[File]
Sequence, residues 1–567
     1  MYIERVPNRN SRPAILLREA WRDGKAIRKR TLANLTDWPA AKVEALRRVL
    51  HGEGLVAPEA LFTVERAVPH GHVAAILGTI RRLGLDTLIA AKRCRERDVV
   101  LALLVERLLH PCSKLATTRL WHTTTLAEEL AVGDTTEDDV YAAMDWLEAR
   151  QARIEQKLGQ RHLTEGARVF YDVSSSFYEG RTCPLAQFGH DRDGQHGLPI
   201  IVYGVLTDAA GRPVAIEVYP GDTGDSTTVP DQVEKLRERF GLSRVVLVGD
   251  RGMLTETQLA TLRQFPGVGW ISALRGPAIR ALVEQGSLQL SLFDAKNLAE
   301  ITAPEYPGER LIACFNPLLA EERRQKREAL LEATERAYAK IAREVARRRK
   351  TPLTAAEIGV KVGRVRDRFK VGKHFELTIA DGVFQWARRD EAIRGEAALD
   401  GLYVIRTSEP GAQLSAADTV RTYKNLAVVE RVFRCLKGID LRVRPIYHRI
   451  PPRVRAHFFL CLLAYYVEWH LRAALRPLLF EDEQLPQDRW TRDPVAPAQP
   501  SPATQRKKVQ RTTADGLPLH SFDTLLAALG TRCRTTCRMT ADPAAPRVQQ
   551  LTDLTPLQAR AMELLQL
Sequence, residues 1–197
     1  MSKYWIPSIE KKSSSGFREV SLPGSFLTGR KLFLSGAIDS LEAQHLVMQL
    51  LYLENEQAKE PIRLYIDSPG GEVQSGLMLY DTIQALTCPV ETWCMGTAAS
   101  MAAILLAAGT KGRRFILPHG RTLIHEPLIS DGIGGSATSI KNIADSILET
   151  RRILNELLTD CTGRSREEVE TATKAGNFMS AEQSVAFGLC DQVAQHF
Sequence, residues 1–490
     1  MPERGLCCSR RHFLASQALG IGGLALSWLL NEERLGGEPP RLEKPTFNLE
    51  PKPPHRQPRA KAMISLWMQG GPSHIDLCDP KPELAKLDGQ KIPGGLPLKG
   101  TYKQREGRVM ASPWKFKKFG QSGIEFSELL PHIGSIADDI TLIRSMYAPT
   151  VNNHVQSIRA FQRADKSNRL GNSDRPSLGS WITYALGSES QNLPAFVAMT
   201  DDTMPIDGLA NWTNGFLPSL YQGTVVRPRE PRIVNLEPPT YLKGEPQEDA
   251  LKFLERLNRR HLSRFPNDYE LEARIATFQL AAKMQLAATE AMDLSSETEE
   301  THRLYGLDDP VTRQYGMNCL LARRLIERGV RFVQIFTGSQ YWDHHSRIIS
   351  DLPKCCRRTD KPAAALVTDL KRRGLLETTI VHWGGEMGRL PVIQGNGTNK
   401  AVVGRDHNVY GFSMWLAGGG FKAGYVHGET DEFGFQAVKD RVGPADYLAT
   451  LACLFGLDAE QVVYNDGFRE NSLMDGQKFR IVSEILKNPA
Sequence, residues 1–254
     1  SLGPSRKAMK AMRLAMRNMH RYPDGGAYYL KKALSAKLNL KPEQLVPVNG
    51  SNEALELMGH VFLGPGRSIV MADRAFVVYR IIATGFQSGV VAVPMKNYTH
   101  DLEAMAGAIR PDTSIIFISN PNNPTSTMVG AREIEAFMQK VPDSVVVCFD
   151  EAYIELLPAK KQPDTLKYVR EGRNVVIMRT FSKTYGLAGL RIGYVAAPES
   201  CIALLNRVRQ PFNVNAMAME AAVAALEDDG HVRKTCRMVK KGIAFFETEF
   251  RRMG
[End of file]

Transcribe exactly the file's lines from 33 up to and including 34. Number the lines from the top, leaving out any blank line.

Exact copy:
   101  DLEAMAGAIR PDTSIIFISN PNNPTSTMVG AREIEAFMQK VPDSVVVCFD
   151  EAYIELLPAK KQPDTLKYVR EGRNVVIMRT FSKTYGLAGL RIGYVAAPES